A survey of caregiver acculturation and acceptance of silver diamine fluoride treatment for childhood caries

Anjali Kumar, Dana Cernigliaro, Mary E. Northridge, Yinxiang Wu, Andrea B. Troxel, Joana Cunha-Cruz, Jay Balzer, David M. Okuji

Research output: Contribution to journalArticle

Abstract

Background: Interest in aqueous silver diamine fluoride (SDF) has been growing as a treatment for caries arrest. A cross-sectional study was conducted to identify factors associated with caregiver acceptance of SDF treatment for children presenting with caries at 8 Federally Qualified Health Centers. The study purpose was to examine associations between caregiver acceptance of SDF treatment for children with caries and (1) sociodemographic and acculturation characteristics of caregivers and (2) clinical assessments of the children by dentists. Methods: A caregiver survey collected information on: Sociodemographic characteristics; acculturation characteristics, measured using the validated Short Acculturation Scale for Hispanics (SASH); perceived benefits and barriers of SDF treatment, including caregiver comfort; and perceived health-related knowledge. Chart reviews were conducted to assess: The medical/dental insurance of pediatric patients; cumulative caries experience, measured using decayed, missing, filled teeth total scores (dmft/DMFT); whether operating room treatment was needed; and a record of caregiver acceptance of SDF treatment (the outcome measure). Standard logistic regression models were developed for caregiver acceptance of SDF treatment for their children as the binary outcome of interest (yes/no) to calculate unadjusted odds ratios (OR) and adjusted ORs for covariates of interest. Results: Overall, 434 of 546 caregivers (79.5%) accepted SDF treatment for their children. A U-shaped relationship between caregiver odds of accepting SDF treatment and age group of pediatric patients was present, where caregivers were most likely to accept SDF treatment for their children who were either < 6 years or 9-14 years, and least likely to accept SDF treatment for children 6 to < 9 years. The relationship between acculturation and caregiver acceptance of SDF treatment depended upon whether or not caregivers were born in the United States: Greater acculturation was associated with caregiver acceptance of SDF treatment among caregivers born in this country, and lower acculturation was associated with caregiver acceptance of SDF treatment among caregivers born elsewhere. Conclusions: Caregiver acceptance of SDF treatment is high; child's age and caregiver comfort are associated with acceptance. Providers need to communicate the risks and benefits of evidence-based dental treatments to increasingly diverse caregiver and patient populations.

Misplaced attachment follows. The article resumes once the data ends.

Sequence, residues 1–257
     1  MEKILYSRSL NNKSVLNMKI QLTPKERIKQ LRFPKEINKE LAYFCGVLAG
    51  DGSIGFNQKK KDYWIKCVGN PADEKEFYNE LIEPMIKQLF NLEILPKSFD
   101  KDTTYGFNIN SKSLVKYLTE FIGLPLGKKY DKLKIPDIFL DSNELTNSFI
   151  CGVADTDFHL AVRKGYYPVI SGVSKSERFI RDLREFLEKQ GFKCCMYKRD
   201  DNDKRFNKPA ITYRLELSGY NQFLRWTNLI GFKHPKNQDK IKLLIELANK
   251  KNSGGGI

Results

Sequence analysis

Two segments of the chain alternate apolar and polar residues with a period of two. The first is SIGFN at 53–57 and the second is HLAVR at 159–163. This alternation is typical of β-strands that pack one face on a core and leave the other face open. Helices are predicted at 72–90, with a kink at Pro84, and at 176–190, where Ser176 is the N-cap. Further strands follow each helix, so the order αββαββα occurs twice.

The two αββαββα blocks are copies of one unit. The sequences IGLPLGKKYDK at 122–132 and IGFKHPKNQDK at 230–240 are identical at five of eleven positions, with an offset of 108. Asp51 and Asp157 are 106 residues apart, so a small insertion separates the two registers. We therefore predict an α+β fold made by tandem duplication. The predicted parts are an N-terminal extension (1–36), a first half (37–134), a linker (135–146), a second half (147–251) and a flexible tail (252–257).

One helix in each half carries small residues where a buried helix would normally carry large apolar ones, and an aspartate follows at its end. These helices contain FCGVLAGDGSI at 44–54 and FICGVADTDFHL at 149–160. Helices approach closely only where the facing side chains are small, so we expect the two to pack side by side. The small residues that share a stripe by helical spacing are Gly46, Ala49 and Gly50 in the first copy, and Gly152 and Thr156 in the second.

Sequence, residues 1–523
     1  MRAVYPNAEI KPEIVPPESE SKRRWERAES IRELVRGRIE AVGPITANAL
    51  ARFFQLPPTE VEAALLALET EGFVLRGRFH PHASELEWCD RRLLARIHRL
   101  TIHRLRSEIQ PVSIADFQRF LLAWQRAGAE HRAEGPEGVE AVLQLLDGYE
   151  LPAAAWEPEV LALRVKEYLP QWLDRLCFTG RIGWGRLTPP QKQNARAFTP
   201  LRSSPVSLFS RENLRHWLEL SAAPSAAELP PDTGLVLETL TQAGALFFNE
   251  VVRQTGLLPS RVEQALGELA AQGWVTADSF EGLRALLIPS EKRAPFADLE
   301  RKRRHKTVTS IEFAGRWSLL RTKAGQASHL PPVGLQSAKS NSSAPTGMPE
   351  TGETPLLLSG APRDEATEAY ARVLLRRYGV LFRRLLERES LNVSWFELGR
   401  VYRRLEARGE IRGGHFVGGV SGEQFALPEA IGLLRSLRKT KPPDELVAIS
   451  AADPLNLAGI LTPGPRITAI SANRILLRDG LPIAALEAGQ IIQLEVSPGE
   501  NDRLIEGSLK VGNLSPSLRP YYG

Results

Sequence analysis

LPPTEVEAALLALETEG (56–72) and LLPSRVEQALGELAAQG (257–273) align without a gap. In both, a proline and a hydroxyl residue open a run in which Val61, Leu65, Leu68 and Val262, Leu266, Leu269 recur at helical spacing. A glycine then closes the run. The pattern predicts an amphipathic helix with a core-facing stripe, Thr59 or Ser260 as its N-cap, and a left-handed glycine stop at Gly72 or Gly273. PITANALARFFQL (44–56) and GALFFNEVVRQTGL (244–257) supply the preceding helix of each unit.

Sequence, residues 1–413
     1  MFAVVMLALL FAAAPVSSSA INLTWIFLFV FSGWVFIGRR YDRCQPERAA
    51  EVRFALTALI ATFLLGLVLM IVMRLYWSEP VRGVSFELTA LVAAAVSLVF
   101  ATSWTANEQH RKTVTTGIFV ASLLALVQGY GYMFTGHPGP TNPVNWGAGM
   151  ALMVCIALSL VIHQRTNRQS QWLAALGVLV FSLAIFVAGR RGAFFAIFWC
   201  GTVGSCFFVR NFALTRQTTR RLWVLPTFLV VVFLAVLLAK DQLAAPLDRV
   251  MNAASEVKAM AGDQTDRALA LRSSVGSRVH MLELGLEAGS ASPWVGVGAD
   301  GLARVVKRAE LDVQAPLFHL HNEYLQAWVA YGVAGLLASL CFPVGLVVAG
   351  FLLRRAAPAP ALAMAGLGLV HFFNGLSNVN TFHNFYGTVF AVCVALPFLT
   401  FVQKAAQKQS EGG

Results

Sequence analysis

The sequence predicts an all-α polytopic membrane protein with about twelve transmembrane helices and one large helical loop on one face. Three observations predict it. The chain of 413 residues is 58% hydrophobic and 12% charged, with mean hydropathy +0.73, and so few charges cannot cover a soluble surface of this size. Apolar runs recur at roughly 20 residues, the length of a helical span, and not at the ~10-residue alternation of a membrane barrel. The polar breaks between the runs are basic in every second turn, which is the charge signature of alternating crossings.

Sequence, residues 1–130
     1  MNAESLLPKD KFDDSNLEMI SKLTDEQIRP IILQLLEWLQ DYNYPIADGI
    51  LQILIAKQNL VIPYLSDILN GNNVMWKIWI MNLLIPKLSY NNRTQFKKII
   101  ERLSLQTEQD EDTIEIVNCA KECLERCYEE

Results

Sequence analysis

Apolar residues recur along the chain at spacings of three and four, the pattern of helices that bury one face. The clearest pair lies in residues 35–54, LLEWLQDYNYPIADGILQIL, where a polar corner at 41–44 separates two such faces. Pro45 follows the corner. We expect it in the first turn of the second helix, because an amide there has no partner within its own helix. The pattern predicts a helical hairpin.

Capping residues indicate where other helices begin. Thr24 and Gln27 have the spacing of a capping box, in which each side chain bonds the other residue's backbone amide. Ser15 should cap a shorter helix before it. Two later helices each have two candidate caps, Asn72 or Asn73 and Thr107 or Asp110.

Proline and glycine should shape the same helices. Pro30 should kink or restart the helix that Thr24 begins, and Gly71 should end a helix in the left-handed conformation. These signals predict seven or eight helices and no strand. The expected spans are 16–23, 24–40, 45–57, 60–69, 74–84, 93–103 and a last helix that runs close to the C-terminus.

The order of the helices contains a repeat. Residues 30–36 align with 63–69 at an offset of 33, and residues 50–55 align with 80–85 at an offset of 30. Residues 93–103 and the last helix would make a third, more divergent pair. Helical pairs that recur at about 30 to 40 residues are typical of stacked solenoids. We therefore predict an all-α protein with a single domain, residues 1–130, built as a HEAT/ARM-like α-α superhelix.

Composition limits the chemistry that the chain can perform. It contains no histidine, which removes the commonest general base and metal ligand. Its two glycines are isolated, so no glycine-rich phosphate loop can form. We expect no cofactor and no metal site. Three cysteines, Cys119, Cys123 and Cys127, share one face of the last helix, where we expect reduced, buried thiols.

Original languageEnglish (US)
Article number228
JournalBMC Oral Health
Volume19
Issue number1
DOIs
StatePublished - Oct 24 2019

Keywords

  • Community health centers
  • Health equity
  • Oral health
  • Parental consent
  • Pediatric dentists
  • Social acceptance

ASJC Scopus subject areas

  • Dentistry(all)

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